After wave paralyzed him, visitor warns others about ocean's pow - Hawaii News Now - KGMB and KHNL

After wave paralyzed him, visitor warns others about ocean's power

( Image: Jana Muhlestein ) ( Image: Jana Muhlestein )
( Image: Jana Muhlestein ) ( Image: Jana Muhlestein )
WAIMEA BAY, OAHU (HawaiiNewsNow) -

Aric Muhlestein, his wife and their four children were having a great time vacationing in Hawaii until last Thursday, when they stopped at Waimea Bay.

"On the way up to the North Shore we saw Waimea Bay and said, 'That looks pretty good for body surfing,'" Aric told Hawaii News Now on Thursday.

It was about 2:30 p.m. when they stopped; the rest of the Muhlestein family played on the shoreline while Aric went for a swim.

"We were playing in the waves and I jumped into a wave, and the next thing I knew, I could not move. It was scary," he said.

The 47-year-old Utah resident remembers the force of the wave slamming him into the sand – and his body going limp. His family and lifeguards pulled him out of the water.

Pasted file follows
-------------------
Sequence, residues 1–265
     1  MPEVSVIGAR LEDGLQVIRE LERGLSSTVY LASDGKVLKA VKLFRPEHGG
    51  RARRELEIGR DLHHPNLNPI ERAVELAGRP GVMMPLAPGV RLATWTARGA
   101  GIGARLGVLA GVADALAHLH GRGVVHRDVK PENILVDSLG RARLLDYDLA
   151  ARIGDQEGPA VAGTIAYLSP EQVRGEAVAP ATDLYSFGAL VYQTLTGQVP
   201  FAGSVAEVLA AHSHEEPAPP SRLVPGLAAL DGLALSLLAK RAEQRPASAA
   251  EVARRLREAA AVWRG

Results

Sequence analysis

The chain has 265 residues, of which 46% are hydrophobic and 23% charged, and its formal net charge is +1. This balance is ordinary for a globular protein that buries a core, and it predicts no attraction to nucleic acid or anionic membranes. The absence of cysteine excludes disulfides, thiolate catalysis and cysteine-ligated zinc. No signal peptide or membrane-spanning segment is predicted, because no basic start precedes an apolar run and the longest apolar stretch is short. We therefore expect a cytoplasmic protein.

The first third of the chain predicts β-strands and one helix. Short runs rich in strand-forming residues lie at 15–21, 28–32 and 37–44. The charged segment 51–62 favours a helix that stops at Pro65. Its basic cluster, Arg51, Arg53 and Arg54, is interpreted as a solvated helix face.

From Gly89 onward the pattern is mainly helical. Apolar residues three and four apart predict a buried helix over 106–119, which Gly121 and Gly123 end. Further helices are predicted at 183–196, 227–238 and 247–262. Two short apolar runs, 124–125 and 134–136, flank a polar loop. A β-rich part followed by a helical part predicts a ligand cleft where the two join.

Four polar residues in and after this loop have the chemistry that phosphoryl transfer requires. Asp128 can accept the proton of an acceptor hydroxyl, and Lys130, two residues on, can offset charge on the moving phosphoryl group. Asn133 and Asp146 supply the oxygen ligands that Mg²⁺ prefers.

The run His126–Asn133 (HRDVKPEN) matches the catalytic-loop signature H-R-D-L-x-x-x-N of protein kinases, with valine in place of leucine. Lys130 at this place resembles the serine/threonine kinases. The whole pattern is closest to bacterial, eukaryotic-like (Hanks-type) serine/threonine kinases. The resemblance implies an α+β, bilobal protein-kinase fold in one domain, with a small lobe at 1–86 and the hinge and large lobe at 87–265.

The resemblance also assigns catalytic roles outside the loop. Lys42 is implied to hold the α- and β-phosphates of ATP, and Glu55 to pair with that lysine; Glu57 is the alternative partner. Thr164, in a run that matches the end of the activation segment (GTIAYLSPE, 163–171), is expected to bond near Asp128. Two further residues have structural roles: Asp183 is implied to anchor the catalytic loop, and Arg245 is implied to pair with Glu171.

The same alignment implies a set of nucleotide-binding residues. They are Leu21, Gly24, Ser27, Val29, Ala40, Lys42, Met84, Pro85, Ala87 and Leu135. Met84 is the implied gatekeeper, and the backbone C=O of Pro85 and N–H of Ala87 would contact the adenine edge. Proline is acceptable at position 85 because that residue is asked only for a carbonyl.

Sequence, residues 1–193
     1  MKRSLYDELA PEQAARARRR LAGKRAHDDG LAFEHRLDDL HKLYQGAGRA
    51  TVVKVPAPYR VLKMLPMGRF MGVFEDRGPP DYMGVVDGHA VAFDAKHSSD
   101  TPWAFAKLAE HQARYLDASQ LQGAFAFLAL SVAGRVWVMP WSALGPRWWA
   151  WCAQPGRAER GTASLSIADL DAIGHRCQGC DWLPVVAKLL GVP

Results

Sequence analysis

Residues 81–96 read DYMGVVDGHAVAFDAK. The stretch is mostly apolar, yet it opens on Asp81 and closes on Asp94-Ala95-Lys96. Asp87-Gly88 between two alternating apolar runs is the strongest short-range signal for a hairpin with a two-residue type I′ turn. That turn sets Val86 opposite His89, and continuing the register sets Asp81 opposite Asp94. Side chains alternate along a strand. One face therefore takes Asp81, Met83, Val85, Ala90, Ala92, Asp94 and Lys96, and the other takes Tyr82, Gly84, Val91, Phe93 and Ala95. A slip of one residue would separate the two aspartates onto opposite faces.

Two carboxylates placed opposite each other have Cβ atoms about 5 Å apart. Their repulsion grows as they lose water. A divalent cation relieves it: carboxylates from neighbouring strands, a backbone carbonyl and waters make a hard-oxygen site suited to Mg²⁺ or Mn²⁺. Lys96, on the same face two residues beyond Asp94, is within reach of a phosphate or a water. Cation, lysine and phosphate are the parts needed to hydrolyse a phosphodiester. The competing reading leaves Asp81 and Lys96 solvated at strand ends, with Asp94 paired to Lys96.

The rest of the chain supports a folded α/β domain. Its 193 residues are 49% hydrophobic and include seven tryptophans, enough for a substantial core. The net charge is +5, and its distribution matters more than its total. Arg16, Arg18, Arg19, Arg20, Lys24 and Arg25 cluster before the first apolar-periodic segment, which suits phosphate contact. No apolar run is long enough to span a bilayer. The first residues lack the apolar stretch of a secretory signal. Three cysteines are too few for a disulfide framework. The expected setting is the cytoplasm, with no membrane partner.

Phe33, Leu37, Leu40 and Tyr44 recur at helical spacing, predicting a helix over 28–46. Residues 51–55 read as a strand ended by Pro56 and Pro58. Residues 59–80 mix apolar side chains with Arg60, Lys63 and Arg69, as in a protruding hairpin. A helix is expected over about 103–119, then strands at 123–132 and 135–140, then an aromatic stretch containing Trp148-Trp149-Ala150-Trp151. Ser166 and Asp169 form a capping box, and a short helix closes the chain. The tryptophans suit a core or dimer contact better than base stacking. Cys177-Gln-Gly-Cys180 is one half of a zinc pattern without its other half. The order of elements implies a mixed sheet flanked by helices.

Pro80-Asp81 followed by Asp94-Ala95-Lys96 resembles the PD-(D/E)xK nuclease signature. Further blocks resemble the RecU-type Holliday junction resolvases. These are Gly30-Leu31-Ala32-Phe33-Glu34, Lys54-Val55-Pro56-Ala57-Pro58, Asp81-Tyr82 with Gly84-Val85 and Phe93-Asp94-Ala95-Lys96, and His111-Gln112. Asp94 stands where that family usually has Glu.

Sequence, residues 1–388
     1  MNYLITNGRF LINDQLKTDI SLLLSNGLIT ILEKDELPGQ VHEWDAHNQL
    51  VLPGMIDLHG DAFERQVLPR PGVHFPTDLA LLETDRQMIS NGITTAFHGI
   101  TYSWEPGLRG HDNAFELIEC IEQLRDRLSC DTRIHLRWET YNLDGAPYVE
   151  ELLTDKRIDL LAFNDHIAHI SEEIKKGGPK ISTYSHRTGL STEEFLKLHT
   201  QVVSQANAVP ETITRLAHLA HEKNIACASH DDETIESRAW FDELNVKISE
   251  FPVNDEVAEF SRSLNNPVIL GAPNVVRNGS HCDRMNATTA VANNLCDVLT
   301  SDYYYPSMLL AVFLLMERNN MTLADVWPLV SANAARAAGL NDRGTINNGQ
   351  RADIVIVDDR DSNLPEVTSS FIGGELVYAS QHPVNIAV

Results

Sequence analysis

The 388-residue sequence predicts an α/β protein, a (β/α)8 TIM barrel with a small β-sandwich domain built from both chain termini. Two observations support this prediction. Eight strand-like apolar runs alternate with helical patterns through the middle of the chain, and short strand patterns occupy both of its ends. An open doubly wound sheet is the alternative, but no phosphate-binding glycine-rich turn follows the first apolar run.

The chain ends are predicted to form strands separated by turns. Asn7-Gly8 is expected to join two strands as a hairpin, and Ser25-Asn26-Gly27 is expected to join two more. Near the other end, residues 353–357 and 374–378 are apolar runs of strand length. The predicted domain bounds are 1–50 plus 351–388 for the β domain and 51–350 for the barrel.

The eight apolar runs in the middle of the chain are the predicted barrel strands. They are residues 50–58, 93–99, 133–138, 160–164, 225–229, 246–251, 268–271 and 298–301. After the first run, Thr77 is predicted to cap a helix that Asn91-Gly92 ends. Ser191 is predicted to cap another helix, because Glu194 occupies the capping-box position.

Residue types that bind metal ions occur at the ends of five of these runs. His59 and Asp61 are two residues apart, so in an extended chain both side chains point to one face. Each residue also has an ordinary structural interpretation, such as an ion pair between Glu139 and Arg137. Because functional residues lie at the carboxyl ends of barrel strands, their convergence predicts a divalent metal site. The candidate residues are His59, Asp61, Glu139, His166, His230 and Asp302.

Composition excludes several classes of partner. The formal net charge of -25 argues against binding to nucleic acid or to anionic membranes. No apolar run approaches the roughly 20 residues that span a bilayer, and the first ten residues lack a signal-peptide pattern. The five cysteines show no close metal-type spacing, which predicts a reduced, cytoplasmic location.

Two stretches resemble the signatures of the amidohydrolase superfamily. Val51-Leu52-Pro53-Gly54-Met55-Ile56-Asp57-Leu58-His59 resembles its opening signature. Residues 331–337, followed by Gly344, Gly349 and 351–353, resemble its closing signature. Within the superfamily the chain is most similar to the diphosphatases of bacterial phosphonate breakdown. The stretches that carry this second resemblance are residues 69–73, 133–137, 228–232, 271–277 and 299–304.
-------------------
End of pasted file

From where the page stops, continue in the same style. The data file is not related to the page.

"I didn't realize that I didn't have any feeling in my legs until a gentleman grabbed my legs and put them up above my head, and I couldn't feel that he had done that," he said.

Paramedics treated him and transported him to the Queen's Medical Center. He had emergency surgery on his dislocated spine, but doctors later reported that he had suffered severe spinal damage.

Some feeling has returned to his arms, but he's paralyzed from the chest down.

"It's going to be a long road, for me but I am up for it. My goal is to walk," he said Thursday. "I'll get there someday. I don't know when that someday will be, but I will get there."

When Aric returns to the mainland, it will be to a rehabilitation center, either at home in Utah or in Colorado.

"We are members of the Church of Jesus Christ of Latter Day Saints, and we've got faith the good things are going to happen for me," he said.

Aric appreciates the care from doctors and nurses at Queen's and the help from people who rushed to his aid at the beach. He's using his tragedy to warn other tourists to be cautious in Hawaii waters, especially if they're not used to the ocean.

"if I can help one or two people to not be in the circumstance that I am in that's what I want to do. This does change your life," he said.

Aric manages call centers for a company in both Utah and Oregon. He enjoys running half-marathons and coaching his sons in baseball, but for now, that active lifestyle is on hold.

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